Brett Levy - Jeffries

And is there anything favorable out of China on the supply side happening right now?

Michael Doolan

The Chinese continue to control the industry. They are quite committed trying to make sure that the industry is well regulated. And we continue to see the efforts of them to reduce smuggling in some of illegal mining that’s going on. So from that perspective I think they continue to try to control and improve the supply situation.

Operator

Thanks. The next question comes from the line of Melissa Tan at RW Pressprich. Go head please.

Melissa Tan - RW Pressprich

If you kind of just elaborate little bit more on the bottleneck issue that’s still going on at Mountain Pass, its sounds like the Chlor-Alkali issues is new and since you haven’t fully finishing commissioning of Leach 2.0, which one of these would you say is causing more strain to your operation progress at Mountain Pass?

Michael Doolan

Well, currently it would be the Chlor-Alkali. Leach 2.0, we’ve just finished the new construction and we’ll start commissioning, so in our current production it hasn’t been playing a factor and really what it will do as expand production or capacity once complete. So at present it would be the hydrochloric or the restrictions or reductions in hydrochloric availability that are impacting our production.

Melissa Tan - RW Pressprich

Okay and let’s assume that you should be resolved by end of this month or September and with both working in your favor, what type of jump in production can we expect, I mean, would you keep on saying significant, I mean would that be we’re looking or look at doubling on the monthly basis or what type of jump we can be expecting?

Michael Doolan

With the expansion complete, it will allow us, it will give the capacity to run -- we believe that benefit is one type volume. We will then -- we have to commission that and we’re going to have to build that sort of in an orderly fashion. So we do believe that it will open up and allow us to have a step change in production, but we’re going to have to work through that and increase our production in a very controlled manner. So it’s hard for us to say, we’re expecting that one month everything will just double but we’re expecting that absolutely we’re going to be able to run this thing at phase 1 capacity and we’re going to ramp that as quickly as we can, making sure that at the end we have something that we can have a repeatable control process because at the end of the day that’s really what we need to do here as make sure we’ve got some of that sustainable and not just looking toward a particular month’s production volume.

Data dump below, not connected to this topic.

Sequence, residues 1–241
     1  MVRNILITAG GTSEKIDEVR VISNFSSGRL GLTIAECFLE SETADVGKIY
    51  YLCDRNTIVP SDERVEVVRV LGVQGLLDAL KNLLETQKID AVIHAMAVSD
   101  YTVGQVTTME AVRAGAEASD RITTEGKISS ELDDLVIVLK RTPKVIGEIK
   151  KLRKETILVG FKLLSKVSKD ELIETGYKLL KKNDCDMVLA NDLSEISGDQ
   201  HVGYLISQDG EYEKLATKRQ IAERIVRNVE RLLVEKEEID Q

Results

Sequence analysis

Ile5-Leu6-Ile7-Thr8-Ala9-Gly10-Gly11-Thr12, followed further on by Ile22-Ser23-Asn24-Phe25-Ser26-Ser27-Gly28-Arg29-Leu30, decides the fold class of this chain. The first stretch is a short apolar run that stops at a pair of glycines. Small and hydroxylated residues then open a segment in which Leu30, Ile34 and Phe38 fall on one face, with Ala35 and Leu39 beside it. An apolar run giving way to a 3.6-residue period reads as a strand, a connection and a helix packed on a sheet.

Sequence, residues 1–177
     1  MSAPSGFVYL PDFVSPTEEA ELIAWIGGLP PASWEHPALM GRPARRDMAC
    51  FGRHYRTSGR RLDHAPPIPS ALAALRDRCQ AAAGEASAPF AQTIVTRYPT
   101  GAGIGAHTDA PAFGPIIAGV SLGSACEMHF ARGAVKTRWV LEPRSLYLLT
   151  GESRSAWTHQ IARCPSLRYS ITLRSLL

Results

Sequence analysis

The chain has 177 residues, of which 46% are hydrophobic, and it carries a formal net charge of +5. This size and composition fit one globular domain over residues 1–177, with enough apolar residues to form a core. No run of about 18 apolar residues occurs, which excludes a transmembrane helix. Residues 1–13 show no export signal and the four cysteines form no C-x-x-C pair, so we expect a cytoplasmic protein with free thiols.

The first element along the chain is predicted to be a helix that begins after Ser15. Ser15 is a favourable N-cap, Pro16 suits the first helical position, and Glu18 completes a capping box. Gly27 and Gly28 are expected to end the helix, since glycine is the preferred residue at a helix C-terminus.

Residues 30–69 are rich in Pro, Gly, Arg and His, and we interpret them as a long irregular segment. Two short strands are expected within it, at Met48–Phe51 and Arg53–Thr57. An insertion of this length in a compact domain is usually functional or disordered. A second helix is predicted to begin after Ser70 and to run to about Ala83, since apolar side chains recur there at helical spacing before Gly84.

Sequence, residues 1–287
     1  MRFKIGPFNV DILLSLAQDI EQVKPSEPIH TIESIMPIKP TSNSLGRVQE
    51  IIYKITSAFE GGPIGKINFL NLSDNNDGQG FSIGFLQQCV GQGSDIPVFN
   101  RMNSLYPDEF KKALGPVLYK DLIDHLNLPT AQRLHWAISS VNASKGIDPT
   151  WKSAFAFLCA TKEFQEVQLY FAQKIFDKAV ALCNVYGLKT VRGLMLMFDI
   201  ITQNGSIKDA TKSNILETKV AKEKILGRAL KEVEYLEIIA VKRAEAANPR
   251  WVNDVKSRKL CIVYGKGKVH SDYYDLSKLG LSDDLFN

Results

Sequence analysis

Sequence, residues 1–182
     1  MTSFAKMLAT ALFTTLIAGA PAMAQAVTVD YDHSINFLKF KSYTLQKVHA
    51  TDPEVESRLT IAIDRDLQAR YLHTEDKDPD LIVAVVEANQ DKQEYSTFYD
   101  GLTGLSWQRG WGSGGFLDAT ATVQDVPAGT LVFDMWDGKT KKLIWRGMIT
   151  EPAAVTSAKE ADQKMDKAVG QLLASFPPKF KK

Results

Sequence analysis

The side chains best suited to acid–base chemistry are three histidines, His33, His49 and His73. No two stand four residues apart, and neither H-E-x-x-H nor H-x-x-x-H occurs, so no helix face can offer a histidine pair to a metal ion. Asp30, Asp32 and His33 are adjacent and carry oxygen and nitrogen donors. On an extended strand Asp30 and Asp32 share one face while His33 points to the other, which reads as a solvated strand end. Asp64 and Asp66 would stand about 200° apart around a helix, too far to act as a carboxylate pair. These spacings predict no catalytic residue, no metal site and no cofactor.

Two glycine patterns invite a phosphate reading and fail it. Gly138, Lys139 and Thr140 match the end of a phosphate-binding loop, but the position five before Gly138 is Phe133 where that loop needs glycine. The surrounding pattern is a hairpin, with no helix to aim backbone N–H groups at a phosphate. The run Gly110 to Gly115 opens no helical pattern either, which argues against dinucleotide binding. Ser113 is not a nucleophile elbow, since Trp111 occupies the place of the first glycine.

Melissa Tan - RW Pressprich

Sure and do you still see that happening by end of this year or it’s more likely first Q 2015?

Michael Doolan

We certainly see us increasing production through this year absolutely. I mean, with the commissioning of the Leach 2.0 that will add some capacity for us and we will begin to ramp aggressively as we move through that. So I think the answer is that we fully expect that the Q4 volumes will be an improvement.

Melissa Tan - RW Pressprich

Will that be meeting that your initial phase rate or it will still be short of that?

Michael Doolan

Sitting here today looking with the hydrochloric restrictions we’ve had, I think trying to get the phase 1 in the fourth quarter is an aggressive target, but that doesn’t change what we’re trying to do which is we’re trying to ramp this plant as quickly and as aggressively as we can and we fully believe that we can do that. And the debottlenecking some of the efforts that we’ve been working are progressing as we had hoped and now the matter of getting those commissioned and getting the Chlor-Alkali plant running and that should open the door.

Melissa Tan - RW Pressprich

Okay great thank you and the second question has to do with your sales volumes for the resource segment and it seems like quite low compared to your production, was that just mainly due to you’ve mentioned you’re building the NdPr inventory or do with something else due to seasonality or something?

Michael Doolan

And cerium, so if you look at the production, they would be not selling NdPr building some inventory with NdPr and then not moving all the cerium relative to what we produce.